Sunday, October 28


Drive south along Interstate I95 and leave North Carolina. Within a quarter of a mile South of the Border appears on your left. It's a sprawling tourist trap filled with clip-joint shops, restaurants, a gas station, and assorted tourist attractions - including a large public toilet. It presents you with a battle between ticky and tacky, with tacky ahead by a nose.

The motif is sort of stereotypical Mexican... as imagined by people who don't seem to like Mexico all that much. Now I'm not a believer in the concept of La Raza. Most Latin Americans that I've met have as much European blood as me. However they are as ethnically different from my Irish ancestors as Serbo-Croatians. There is a Latin culture that's taken on unique national characteristics as you travel from nation to nation. What ties them together is Spanish.

However, ethnic cultures always seem to clash - and those clashes produce some hot sparks, even fires - right? Last week, a television news lady was fired from her network job on NBC for having a discussion which seemed to license black-face halloween costumes. Which brings me to South of the Border in South Carolina.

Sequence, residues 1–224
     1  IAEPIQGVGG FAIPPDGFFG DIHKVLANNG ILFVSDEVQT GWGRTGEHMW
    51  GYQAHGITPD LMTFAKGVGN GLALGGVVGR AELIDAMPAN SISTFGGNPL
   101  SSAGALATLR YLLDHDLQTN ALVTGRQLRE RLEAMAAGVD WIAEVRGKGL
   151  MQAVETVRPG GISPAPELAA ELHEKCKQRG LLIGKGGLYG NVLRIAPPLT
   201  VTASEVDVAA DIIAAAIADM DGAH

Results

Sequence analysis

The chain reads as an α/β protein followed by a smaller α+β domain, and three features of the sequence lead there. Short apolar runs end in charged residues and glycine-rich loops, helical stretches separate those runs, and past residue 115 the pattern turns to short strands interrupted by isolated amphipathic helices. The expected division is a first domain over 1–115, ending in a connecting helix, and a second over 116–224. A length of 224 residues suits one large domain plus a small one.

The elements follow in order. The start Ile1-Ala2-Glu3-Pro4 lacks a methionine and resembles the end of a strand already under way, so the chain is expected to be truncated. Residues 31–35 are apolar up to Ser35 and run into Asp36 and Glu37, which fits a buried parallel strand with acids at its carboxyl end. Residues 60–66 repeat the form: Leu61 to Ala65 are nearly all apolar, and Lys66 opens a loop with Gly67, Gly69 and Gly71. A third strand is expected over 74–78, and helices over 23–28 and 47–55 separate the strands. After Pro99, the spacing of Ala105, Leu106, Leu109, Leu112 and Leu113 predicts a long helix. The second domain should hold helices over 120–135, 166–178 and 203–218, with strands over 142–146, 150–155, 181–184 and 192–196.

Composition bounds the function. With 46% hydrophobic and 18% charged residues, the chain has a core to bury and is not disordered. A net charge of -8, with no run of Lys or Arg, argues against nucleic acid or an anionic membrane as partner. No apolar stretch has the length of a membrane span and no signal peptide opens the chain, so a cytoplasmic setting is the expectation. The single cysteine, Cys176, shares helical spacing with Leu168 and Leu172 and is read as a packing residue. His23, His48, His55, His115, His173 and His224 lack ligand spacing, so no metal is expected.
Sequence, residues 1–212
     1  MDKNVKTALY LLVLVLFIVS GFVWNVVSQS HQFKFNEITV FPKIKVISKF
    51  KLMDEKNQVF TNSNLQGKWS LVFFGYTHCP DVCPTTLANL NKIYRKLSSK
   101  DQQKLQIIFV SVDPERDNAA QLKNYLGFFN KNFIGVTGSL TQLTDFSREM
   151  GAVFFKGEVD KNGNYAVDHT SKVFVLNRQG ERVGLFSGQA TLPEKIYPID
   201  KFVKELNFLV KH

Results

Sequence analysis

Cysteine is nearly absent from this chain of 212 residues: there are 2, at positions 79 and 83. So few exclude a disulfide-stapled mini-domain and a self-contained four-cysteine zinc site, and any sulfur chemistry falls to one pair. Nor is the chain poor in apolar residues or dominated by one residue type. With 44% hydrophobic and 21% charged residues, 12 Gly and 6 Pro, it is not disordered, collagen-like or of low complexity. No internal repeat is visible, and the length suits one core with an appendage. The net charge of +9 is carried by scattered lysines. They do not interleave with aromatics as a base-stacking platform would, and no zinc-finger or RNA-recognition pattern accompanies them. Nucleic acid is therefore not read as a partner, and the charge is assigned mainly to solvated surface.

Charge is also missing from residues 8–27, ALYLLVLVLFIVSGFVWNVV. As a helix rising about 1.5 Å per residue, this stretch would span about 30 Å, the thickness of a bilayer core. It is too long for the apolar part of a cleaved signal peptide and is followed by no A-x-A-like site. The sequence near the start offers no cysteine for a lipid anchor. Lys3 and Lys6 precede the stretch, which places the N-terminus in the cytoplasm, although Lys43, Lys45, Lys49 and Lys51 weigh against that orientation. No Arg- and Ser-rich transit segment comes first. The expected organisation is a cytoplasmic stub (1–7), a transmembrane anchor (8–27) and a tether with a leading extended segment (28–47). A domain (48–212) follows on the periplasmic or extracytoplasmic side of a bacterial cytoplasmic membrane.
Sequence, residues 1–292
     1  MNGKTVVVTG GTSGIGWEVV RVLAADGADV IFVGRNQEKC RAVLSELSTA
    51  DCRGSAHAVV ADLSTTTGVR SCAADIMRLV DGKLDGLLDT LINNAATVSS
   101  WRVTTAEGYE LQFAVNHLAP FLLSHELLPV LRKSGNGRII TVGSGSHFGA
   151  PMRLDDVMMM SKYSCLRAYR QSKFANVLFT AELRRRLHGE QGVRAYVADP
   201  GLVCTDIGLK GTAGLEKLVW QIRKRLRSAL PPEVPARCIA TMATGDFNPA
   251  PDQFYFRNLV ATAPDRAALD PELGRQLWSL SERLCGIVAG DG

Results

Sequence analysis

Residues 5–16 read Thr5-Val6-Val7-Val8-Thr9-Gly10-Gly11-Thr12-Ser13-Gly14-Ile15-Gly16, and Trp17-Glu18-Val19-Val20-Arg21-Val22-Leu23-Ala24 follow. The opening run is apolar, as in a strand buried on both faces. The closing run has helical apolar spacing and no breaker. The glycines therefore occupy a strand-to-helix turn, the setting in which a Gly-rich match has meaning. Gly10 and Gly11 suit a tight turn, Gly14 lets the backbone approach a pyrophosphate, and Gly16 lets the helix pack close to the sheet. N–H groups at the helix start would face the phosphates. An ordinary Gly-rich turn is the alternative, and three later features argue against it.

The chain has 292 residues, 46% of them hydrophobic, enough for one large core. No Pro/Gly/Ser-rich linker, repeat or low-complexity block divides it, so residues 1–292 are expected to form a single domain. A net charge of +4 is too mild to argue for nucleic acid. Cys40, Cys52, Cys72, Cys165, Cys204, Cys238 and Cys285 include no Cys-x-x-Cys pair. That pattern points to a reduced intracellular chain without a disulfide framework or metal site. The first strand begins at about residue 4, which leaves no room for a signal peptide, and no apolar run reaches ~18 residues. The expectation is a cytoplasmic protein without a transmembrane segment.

Here's that Pedro public toilet. So? Is "Pedro" not as ethnically insensitive as black-face costumes? The place has been around for decades -  perhaps half a century. Its designers probably consider the motif to be fun. Moreover it's thousands of miles away from the Mexican border. But... have definitions of humor changed drastically enough over the last couple of decades to pop the place's humor balloon? Is South  of the Border a racist (or at least an ethnic) dog-whistle?


Earl said...

Ted, I'd say “South of the Border” is racist, stereotyping and culturally insensitive. Some in today's culture, probably almost all which support our current President but also others, would say there’s far too much Political Correctness (PC) applied in today's culture and that “South of the Border” was and is all in good humor. Granted while in some cases PC is overzealously applied, the test I've come to use is to consider if I was a person of the targeted culture or race would I feel hurt, devalued or culturally insulted. In the "South of the Border" case, it fails this test for me. Just as background, I was born in NC and have spent many years in both NC and SC but have also lived and traveled far from their borders.